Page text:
Perfect Match showed he’s a four-year-old going places with a smart victory in the Class 2 Lukfook Jewellery Cup Handicap (1400m) at Sha Tin yesterday (Sunday, 15 December).
The Not A Single Doubt gelding bagged a fifth career win from 10 starts to push his rating (83 for this test) into Four-Year-Old Classic Series territory. But, with the first leg of three – the Hong Kong Classic Mile – just six weeks away, trainer Danny Shum was quick to play down those prospects.
“The mile could be a problem,” he said of the 2.2 favourite. “If you look at him, he’s a 1400-metre horse, the pedigree says the mile even might be an issue and if we push him to the 1600 (metres) and he runs no good, it wouldn’t be ideal. But I’ll talk to the jockeys and the owner and then we’ll make a plan what to do.
“His last run was good, he’d been off for a few months and had no cover in the run but he still finished third so it was an amazing effort actually and he’s shown that today.
“There’s no talk of the Derby for this horse,” he added.
There was plenty of BMW Hong Kong Derby (2000m) talk about third-placed Decrypt leading into the race though, and his classic prospects were not diminished by defeat. The Hong Kong debutant emerged as a threat to Perfect Match with 300m to race but faded on his run as Joyful Trinity swept by to press the winner and take second spot.
“It was encouraging,” jockey Zac Purton said of Decrypt, this year’s Group 1 Irish 2,000 Guineas third now in the care of Frankie Lor.
“I thought he did a good job. He travelled a bit keenly through the early-mid stages but he came out to win and he just ran out of gas at the end.”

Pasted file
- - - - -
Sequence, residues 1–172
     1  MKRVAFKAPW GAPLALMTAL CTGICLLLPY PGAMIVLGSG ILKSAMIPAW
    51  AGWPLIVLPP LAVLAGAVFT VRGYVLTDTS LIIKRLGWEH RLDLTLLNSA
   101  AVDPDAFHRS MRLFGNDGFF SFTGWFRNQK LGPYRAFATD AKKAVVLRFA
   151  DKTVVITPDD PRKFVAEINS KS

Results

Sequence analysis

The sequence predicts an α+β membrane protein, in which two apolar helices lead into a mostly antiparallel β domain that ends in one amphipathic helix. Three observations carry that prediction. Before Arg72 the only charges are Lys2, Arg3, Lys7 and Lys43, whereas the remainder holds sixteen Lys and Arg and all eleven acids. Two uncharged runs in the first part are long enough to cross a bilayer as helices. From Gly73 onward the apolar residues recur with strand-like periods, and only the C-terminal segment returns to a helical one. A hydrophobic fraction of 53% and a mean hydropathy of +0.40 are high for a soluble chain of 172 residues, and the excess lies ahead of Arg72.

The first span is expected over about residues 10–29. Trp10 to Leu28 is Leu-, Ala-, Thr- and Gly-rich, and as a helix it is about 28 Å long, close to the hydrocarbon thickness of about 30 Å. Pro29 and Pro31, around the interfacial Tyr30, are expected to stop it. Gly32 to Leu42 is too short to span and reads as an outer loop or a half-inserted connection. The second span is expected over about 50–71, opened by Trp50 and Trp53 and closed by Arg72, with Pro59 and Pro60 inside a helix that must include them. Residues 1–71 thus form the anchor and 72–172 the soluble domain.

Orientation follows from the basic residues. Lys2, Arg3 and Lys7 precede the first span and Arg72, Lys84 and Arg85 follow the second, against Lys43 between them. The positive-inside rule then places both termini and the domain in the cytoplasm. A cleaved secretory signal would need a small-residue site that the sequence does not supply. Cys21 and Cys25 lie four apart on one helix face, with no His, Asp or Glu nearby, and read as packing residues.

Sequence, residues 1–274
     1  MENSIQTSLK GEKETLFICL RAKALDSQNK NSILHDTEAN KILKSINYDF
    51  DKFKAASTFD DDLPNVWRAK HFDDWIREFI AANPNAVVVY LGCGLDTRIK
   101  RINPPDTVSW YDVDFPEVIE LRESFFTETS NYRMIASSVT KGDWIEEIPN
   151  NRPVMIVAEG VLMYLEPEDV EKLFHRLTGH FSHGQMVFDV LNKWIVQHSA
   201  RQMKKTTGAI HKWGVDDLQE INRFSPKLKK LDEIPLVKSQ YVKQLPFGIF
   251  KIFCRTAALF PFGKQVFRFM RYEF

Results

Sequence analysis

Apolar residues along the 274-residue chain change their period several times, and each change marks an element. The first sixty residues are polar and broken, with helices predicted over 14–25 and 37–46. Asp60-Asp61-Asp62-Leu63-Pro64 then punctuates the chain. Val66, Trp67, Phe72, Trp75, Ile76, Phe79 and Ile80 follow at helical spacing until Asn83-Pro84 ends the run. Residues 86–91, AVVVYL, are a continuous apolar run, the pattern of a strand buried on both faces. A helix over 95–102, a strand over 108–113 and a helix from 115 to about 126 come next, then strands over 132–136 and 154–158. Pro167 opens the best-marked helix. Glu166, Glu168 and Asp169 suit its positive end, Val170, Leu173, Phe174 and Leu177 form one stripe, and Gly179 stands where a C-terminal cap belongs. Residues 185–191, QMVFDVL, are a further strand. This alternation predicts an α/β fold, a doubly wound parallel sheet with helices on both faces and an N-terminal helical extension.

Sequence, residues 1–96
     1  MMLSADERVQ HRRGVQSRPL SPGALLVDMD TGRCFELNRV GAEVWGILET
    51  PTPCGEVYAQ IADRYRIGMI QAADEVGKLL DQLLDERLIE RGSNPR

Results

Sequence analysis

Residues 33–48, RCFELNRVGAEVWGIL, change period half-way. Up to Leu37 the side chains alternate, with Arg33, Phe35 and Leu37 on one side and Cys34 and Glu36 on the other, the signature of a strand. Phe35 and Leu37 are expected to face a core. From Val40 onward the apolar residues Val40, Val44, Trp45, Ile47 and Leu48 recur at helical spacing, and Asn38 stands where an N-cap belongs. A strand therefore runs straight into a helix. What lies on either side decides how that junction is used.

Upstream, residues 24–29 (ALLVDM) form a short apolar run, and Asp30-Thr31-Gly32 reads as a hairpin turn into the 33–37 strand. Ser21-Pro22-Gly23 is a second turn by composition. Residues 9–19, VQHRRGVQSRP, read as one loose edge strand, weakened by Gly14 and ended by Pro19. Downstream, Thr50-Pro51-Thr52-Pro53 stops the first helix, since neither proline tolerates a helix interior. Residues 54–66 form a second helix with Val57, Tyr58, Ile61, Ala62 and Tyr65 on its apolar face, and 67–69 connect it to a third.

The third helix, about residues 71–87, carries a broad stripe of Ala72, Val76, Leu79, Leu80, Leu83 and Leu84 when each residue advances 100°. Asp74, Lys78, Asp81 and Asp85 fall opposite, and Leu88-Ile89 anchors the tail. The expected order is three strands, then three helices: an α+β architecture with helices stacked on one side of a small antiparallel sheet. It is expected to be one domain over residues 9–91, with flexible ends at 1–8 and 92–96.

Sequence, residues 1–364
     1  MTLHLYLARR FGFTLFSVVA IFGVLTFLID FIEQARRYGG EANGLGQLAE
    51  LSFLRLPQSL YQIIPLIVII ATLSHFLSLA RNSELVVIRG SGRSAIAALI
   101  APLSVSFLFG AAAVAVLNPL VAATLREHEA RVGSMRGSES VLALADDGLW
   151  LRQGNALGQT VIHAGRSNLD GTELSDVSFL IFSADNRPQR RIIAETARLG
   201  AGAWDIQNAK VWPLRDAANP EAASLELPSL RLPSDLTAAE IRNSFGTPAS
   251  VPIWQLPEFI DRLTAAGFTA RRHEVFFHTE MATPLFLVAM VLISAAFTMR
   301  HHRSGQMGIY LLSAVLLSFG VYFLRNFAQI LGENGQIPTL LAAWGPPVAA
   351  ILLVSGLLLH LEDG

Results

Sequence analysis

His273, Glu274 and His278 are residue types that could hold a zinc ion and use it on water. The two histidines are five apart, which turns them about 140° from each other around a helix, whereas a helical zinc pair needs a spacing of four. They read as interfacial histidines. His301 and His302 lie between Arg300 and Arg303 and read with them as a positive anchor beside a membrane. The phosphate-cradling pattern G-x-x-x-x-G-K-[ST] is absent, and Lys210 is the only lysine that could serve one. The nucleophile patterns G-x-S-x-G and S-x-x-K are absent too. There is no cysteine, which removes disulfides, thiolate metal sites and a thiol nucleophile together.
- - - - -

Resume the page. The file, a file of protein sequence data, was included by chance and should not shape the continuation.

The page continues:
Lor intends to race the grey again on 5 January before stepping into the Hong Kong Classic Mile on 27 January.
Perfect Match scored by three quarters of a length and a length over the place-getters, stopping the clock at 1m 20.79s to give jockey Alexis Badel some silverware.
“It’s very good to win a trophy race,” the Frenchman said. “I like Danny, he’s been great with me so far and he always gives me good opportunities, so it’s good to win for him.
“This was my best ride today and he gave me a good feeling. He’s obviously a good horse, he’s very smart and he listened to what I was communicating to him. He’s happy whatever you want him to do and he responds well.”
Badel was of a similar mind to Shum regarding the Australian-bred’s ability to stretch out over a mile and beyond.
“I suppose the pace was fast enough and he might stay a mile but he’s shown me good speed at seven furlongs today.”
Caspar Fownes was delighted with the effort of the once high-class veteran Joyful Trinity in pressing the winner with a trademark deep-closing charge.
The seven-year-old was talented enough in his pomp to make the frame in Group 1 company and bagged a Group 3 win too, but has not tasted victory since October 2016.
“It’s wonderful to see him do that,” Fownes said. “It’s a challenge to bring these horses back – in the past he’s had a suspensory problem, a heart irregularity, and then he’s gone and put in a massive run like that at his age.
“Hopefully he can snag one after that run but we’ll see how he is race by race and if everything’s smooth he’s going to be competitive at 1400 to a mile.”
Matthew Poon was the out-of-luck rider on Joyful Trinity but made amends one race later when driving Quadruple Double home for trainer David Hall in the Lukfook Jewellery PT Collection Handicap (1200m). The four-year-old gelding has hit a rich vein of form, winning three of his most recent four starts.